21 June 2013

Neamt Monastery
Travel day to Guru Humorului

Today was mostly spent on buses.
The first thing we did was catch a bus out to Neamt Monastery, it is one of two UNESCO monasteries in the area, and the oldest in the region, if not Romania.
At the bus stop, we had a little help getting the right minibus, and off we went.  It is not that far away, but we were going through all the small towns on the way.  The view of the hills and fields, along with all the houses is quite pretty.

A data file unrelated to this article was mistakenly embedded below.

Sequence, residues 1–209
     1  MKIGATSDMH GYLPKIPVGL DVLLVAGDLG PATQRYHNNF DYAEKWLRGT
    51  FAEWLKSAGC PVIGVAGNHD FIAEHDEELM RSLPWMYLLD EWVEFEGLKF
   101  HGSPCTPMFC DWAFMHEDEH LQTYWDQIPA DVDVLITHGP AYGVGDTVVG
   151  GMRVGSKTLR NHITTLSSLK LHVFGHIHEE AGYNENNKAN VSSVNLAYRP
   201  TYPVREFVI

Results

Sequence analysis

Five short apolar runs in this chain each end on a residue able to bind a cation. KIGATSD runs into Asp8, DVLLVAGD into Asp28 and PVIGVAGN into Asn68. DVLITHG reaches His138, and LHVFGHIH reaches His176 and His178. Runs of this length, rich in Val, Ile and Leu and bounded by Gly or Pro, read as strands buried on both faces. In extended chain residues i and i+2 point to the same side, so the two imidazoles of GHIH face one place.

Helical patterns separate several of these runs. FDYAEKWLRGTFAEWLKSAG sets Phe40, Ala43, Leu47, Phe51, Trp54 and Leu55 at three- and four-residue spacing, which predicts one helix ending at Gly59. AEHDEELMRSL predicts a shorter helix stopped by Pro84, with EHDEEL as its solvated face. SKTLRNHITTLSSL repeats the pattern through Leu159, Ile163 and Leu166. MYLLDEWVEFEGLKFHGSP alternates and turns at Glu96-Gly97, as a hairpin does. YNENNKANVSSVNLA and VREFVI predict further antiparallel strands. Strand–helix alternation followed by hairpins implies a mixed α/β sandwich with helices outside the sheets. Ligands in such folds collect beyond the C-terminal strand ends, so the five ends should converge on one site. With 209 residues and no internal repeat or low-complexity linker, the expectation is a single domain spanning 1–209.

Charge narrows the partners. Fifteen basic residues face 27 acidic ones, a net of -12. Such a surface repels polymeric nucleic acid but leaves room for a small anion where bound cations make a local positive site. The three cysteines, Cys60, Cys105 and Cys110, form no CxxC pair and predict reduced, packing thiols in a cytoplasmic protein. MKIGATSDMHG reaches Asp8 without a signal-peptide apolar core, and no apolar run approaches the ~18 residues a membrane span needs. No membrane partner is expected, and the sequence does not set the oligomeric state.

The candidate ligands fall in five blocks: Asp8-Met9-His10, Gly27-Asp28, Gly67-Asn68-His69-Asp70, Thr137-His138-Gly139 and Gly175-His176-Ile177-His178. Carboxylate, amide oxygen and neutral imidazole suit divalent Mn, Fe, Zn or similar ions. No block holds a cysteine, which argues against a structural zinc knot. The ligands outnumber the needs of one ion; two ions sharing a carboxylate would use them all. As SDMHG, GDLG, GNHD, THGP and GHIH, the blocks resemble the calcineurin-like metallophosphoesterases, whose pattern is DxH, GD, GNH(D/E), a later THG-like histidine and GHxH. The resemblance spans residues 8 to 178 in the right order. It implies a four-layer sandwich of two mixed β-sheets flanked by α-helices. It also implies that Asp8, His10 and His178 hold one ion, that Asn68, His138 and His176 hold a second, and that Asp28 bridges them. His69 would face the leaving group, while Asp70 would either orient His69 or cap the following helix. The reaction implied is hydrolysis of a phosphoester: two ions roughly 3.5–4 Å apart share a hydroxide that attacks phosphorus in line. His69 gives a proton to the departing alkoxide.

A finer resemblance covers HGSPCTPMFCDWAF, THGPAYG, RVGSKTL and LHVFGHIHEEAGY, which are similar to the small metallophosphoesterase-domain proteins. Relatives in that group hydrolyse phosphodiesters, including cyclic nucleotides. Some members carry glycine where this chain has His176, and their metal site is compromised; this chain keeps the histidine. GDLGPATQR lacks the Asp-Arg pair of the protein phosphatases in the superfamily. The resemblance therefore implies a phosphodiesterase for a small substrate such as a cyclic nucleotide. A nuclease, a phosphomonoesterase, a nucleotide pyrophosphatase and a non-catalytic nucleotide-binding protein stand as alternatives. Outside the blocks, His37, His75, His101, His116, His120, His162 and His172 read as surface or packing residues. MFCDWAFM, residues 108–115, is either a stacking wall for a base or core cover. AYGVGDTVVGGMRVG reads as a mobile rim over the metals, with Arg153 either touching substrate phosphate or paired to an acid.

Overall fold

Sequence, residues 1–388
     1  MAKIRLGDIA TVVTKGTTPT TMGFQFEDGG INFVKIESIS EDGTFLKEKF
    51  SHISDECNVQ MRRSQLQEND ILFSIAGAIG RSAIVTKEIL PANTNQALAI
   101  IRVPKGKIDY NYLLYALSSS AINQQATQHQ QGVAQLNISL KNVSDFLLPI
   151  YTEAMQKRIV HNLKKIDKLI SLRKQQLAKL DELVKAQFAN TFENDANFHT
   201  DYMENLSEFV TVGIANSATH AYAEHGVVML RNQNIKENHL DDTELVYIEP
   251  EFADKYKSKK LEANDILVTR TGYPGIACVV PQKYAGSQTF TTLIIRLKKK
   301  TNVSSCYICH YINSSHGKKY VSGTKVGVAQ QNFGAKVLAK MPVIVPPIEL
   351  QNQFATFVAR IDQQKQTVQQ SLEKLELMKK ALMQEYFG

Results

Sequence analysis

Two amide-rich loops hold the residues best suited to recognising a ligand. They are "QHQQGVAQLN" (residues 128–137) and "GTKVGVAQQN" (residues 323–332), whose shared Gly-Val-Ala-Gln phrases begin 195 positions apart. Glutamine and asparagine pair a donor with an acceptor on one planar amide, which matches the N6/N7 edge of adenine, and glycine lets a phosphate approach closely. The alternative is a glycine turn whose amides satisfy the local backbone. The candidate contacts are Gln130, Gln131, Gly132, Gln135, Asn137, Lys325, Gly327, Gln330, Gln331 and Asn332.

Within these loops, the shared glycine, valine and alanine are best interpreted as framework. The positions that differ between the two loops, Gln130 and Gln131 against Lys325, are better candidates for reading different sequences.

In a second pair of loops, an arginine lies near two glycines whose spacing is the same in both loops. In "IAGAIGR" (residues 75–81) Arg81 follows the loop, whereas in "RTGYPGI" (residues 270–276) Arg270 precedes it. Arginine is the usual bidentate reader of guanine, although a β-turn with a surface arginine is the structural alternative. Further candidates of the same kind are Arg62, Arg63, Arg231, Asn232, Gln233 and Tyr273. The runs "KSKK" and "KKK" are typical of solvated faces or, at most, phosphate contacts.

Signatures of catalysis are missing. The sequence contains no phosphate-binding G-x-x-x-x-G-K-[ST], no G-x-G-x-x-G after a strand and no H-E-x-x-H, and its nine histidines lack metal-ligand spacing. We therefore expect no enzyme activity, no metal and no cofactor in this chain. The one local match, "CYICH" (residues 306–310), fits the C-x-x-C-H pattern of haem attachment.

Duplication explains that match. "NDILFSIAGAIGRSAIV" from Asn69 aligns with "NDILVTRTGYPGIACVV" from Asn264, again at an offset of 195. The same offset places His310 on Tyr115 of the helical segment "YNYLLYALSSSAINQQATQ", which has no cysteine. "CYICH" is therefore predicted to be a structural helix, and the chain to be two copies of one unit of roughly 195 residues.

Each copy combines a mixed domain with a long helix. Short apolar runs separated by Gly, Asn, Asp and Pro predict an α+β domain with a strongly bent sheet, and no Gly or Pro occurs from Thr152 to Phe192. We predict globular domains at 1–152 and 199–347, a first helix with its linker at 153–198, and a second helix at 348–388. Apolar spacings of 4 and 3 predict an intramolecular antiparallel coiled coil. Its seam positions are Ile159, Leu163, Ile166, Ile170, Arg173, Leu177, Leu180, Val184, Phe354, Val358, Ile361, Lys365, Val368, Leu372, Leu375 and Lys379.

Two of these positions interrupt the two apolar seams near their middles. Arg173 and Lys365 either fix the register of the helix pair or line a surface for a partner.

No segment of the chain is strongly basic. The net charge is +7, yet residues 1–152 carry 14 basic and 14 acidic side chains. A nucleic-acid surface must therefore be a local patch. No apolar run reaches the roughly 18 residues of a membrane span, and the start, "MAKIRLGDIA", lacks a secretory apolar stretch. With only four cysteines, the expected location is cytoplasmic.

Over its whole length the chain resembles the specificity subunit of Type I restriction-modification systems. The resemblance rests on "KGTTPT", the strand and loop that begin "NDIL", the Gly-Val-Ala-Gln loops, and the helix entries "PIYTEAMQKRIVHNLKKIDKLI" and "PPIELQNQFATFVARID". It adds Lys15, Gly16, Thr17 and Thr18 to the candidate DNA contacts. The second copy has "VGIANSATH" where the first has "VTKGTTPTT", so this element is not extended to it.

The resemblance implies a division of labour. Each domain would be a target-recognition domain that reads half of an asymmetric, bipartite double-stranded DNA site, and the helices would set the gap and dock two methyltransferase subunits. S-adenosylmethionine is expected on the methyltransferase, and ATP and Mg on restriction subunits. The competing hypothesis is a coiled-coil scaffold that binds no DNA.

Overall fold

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Our driver was pretty good, and let us know when we were there.  It can be a bit hard to tell.  priest1There are churches everywhere, and some are very impressive.  However at the moment it is all about the roofs.  These are impressive constructions, made of all different materials from wooden shingles to Ash felt.  The metal work is so detailed, and although the gutter pipes don’t go all the way to the ground, the caps on the tops are varied and creative.  The trellises all seem to be individually created, and on top there are weathervanes or just decorations.  Over the entrance there are also weird constructions that resemble the bulbs from the churches but are long and narrow.